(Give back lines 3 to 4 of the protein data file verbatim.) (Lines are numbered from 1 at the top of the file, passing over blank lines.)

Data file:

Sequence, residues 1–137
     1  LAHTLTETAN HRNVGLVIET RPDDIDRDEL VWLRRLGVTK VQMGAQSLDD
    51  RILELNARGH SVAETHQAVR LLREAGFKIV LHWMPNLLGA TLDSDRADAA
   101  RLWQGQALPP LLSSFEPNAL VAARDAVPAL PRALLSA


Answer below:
    51  RILELNARGH SVAETHQAVR LLREAGFKIV LHWMPNLLGA TLDSDRADAA
   101  RLWQGQALPP LLSSFEPNAL VAARDAVPAL PRALLSA